The idea that “this world is not my home, I’m just a-passin’ through” gets the direction completely wrong. Ultimately, it is not we that go up to God, it is God who comes down to us. The old gospel song misses the essence of the urgency of divine grace. It is God who longs to come to us in fullness. If we, in turn, long for that fullness, all the better, but grace is not contingent on my longing to get to God, it is contingent on God’s longing to come to us in fullness.
It must be said that this is not a one-way street. The Prodigal Son was indeed returning from a foreign land, making his way back home. But it was the Father who was watching from the house, and who, upon seeing his son, ran down the road in a most undignified manner to greet him, accepted him fully as a son, even though he was unworthy, and who simply didn’t let his son get a word in edgewise, as he heaped his love and mercy upon him.
The Russians, when they speak of their own deaths, often speak in terms of dying a good death. I would argue that this is a far better description of a proper Christian death than death as “going away to my new and proper home.”
We don’t go away at all, in death we return to God’s good creation: “Ashes to ashes, dust to dust,” as the Anglican Service Book describes it so well. At death our remains are committed to the ground at the committal service precisely because God came down to us and made his home with us, not the other way around. “The home of God is with men. He will dwell with them, and they shall be his people, and God himself will be with them.”
Death is an inconvenience, an intrusion, an interruption of the life of the living. I was reminded of this at every funeral service at which I officiated over twenty plus years of ministry. I was reminded of this when my own father died. The last thing my father wanted to do was inconvenience his family. Because of this, when he made plans for his own death, he insisted that he be cremated so the family could gather at their convenience rather than having to drop everything and come together at the time of death.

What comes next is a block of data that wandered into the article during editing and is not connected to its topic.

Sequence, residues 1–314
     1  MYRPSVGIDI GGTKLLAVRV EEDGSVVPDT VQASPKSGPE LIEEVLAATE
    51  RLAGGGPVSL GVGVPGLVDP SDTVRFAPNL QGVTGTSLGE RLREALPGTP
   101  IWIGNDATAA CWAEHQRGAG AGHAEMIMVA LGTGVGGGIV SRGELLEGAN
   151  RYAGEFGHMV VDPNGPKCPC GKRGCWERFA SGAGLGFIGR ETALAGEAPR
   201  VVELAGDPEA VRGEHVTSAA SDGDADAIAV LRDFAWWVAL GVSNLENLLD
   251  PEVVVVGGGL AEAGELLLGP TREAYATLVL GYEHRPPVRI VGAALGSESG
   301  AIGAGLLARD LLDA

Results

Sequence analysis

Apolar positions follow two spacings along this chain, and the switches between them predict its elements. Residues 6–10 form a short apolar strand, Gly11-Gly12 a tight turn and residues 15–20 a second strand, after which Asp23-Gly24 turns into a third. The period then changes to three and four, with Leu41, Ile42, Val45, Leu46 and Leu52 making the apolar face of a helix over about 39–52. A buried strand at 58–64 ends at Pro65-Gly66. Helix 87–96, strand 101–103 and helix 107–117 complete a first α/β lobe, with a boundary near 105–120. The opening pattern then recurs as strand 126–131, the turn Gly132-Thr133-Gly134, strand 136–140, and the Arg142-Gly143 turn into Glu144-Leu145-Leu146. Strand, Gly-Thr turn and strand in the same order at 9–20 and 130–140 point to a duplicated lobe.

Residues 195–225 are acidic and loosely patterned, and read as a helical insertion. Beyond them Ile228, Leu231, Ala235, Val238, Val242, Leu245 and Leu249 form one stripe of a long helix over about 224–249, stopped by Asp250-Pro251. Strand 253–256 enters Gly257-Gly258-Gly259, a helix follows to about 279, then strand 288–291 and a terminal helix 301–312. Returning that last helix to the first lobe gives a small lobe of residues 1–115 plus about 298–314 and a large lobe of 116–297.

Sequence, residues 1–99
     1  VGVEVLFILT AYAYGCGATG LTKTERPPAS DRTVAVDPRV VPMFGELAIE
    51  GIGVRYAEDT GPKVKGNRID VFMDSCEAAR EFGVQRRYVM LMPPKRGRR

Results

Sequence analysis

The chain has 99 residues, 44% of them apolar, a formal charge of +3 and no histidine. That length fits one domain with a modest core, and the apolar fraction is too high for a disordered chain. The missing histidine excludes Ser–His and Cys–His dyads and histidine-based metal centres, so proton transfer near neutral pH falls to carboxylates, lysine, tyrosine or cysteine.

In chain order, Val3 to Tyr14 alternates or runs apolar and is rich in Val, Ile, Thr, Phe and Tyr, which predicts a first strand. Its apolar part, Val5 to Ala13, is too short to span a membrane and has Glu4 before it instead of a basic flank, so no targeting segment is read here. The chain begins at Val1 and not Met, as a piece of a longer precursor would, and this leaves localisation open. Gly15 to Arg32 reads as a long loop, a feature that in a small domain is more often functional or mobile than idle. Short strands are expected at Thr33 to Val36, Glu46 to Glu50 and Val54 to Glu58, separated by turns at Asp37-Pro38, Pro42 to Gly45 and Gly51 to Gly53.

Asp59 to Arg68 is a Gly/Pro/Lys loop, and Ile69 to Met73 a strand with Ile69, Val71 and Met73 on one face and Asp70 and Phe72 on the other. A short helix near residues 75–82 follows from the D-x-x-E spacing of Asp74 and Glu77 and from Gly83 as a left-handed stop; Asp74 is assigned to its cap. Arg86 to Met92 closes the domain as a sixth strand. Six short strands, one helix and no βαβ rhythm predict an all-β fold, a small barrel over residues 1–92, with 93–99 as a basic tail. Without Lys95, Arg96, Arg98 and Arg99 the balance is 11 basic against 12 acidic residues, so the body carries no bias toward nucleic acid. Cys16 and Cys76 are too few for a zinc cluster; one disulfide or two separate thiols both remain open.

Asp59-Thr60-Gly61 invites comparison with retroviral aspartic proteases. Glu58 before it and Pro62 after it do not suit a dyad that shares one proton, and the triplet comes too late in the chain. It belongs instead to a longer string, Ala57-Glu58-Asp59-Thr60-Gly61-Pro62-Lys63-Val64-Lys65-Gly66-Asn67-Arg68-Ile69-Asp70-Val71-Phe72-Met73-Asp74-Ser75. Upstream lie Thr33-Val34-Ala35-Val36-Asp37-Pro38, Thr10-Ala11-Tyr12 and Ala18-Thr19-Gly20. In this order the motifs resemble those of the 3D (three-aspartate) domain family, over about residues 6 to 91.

It was indeed inconvenient. At the time of death all options were put on the table. The convenient thing would have been to scatter the ashes to the wind. Actually it wasn’t so much the convenience, it was the obscene charges and fees funeral directors love to heap on grieving families. (In my less-than Christian moments, I might call down a pox on that particular species of humanity!) I’m not sure how the rest of the family felt about scattering the ashes. Before anyone had a chance to discuss it, I insisted on committing his remains to God’s good earth rather than scattering them to the four winds. God is confident enough in his prodigal people and his creation (created good, although terribly messed up by sin, destruction, and all the other grievous evils of this world system) that he chose to come down and make his dwelling with us rather than making us abandon this place in order to go up to some utopian perfect place we blithely call “heaven.”
Because God came down to dwell on earth with us, we in turn commend our loved ones to the God-who-is-here and commit them to this place where God is: “In sure and certain hope of the resurrection to eternal life, through our Lord Jesus Christ, we commend to Almighty God, our brother Vincent, and commit his body to be returned to the ground. ‘Blessed are the dead who die in the Lord, says the Spirit. They rest from their labors and their works follow them. [Rev. 14:13]’”
And as the Orthodox are wont to sing lustily at times such as these, “Christ is risen from the dead, trampling down death by death, and upon those in the tombs bestowing life.” [from the Paschal Troparion.]